One role of an executor of a deceased person’s estate is to receive creditor claims and pay the creditors before distributing any remaining assets to the estate’s beneficiaries. However, a deceased person can leave behind more debts than assets. In such cases, an Iowa court can declare the estate to be insolvent. Then, the executor can pay some creditors while others may remain unpaid.
The United States Bankruptcy Code does not allow deceased individuals or their executors to file for bankruptcy. However, Iowa law requires executors to sell the assets of the deceased’s estate and use that money to pay the deceased’s creditors. Creditors must be paid in accordance with Iowa’s statutory order of priority which requires court costs, costs of administering the estate, funeral expenses and taxes to be paid before creditors. Then, certain medical and hospital expenses must be paid. Most unsecured debts, such as credit cards, are paid last.
Read More: Who Gets Paid First Out of a Deceased's Estate?
When Money Runs Out
Low-priority creditors simply do not receive payment when the estate’s money runs out, just as if the deceased had lived and had his unpaid debts discharged – or erased – in a bankruptcy case. Unsecured creditors typically write off the unpaid debts as business losses. Secured creditors – those whose debts are secured by collateral – can foreclose or repossess the collateral if there is not enough money in the estate to pay the debt.
If there are more debts than assets in the estate, the executor may petition the Iowa court to have the deceased’s estate declared insolvent. If some, but not all, debts in a certain class of debts can be paid, the executor must split the money evenly between creditors. For example, if there is $5,000 available to pay two credit cards that each have a $5,000 balance, each will receive $2,500 rather than one receiving full payment and the other receiving nothing.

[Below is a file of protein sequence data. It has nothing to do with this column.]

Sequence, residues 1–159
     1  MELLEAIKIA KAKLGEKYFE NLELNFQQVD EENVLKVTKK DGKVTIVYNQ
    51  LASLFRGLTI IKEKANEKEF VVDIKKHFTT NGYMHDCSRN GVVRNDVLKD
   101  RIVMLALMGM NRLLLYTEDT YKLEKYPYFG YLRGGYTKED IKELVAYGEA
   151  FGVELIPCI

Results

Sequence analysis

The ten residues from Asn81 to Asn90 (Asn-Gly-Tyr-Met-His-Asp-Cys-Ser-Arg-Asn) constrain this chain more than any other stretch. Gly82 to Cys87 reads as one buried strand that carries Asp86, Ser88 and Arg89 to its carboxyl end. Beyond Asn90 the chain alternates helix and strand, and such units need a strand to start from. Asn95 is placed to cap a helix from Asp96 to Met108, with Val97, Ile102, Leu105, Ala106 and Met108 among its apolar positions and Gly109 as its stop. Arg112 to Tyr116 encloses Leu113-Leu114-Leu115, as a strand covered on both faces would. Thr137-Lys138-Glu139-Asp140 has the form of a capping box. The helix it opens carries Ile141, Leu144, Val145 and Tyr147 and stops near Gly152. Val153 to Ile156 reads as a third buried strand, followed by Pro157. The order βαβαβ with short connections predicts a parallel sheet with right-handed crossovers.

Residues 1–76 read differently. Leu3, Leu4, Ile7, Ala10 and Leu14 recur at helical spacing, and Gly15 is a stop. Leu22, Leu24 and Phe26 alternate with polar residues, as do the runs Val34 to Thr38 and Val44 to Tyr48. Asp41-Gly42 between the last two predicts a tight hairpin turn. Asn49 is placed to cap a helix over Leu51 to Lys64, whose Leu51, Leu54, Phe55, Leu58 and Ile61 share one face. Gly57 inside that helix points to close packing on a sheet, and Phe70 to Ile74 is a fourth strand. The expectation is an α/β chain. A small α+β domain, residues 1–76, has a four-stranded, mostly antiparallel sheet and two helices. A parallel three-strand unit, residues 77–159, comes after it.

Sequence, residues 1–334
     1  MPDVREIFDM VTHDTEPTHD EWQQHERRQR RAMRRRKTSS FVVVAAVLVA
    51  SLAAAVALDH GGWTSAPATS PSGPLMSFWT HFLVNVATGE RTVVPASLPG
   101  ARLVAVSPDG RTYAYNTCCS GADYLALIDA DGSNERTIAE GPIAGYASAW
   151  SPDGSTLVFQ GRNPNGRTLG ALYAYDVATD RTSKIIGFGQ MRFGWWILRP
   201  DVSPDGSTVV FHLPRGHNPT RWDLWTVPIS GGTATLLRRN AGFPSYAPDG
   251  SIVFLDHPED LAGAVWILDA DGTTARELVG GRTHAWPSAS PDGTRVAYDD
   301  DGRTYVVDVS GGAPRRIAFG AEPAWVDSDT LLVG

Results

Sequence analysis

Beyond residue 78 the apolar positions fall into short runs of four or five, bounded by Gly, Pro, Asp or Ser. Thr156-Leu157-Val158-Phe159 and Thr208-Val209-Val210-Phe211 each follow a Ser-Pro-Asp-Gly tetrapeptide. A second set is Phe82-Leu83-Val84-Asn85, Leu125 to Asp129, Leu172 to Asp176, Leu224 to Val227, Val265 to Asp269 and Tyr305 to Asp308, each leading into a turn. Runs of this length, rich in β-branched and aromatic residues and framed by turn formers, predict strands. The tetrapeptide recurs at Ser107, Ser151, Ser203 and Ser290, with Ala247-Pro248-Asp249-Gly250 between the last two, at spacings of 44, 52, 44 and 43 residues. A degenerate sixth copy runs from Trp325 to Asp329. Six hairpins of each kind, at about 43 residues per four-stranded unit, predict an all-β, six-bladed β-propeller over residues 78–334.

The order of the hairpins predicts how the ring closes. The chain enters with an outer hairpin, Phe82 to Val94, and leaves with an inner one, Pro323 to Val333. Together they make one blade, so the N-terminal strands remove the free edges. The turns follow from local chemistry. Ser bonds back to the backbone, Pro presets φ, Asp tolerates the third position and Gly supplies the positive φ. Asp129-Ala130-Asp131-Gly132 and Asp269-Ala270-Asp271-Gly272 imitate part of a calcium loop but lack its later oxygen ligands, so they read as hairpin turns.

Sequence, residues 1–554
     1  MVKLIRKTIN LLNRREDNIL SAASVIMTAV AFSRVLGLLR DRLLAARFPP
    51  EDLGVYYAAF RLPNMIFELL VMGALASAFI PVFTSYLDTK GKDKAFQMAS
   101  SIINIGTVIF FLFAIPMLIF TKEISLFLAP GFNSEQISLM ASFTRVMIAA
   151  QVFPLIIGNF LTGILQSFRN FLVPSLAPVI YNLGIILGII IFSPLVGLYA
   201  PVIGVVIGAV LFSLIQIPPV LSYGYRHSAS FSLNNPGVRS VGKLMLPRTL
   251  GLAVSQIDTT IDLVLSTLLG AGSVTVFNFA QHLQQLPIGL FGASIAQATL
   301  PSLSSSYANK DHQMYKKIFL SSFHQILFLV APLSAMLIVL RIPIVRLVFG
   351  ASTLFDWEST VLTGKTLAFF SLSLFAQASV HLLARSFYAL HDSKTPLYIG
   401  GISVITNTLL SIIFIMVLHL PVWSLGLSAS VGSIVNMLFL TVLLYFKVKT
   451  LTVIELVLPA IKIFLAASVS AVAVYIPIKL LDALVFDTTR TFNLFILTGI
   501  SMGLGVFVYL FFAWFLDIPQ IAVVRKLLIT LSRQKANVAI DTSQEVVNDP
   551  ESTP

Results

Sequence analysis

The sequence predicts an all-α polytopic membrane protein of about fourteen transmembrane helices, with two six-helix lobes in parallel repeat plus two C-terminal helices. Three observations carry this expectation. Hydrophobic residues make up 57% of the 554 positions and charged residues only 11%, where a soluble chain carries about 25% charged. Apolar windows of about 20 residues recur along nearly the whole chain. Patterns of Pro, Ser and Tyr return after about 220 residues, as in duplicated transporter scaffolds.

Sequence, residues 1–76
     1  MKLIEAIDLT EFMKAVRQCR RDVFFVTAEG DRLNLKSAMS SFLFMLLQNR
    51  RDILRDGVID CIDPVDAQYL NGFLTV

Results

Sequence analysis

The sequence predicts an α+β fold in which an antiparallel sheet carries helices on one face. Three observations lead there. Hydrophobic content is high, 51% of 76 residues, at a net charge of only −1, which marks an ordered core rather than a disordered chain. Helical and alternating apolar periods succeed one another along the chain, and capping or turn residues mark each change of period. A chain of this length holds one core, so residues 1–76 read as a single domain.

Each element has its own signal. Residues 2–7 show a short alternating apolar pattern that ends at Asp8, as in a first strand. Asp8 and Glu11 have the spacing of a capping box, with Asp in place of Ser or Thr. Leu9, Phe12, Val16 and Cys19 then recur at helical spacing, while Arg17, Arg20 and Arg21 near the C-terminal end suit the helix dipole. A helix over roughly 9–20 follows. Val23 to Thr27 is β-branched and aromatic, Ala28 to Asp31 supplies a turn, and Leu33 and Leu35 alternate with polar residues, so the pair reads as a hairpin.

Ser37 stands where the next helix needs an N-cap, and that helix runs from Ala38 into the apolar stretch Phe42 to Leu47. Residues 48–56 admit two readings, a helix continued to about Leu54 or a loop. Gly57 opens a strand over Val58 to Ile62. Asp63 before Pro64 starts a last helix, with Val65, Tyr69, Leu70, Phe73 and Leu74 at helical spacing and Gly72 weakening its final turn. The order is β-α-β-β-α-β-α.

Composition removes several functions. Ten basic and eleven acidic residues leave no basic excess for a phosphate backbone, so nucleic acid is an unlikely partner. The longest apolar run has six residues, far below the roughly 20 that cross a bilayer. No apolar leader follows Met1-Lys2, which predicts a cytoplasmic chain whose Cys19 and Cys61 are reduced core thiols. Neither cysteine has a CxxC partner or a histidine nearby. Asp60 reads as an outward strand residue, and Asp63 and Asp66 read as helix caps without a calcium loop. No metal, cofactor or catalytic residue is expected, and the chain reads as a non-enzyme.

If an estate is insolvent, the beneficiaries do not inherit anything since payments to beneficiaries are only made if all debts are paid. Beneficiaries are not liable to pay any of the deceased’s debts personally. However, if a beneficiary wishes to take over payments on a secured asset, such as a vehicle or home, because he wants to keep the asset, the creditor may permit the beneficiary to assume responsibility for the loan.
Heather Frances has been writing professionally since 2005. Her work has been published in law reviews, local newspapers and online. Frances holds a Bachelor of Arts in social studies education from the University of Wyoming and a Juris Doctor from Baylor University Law School.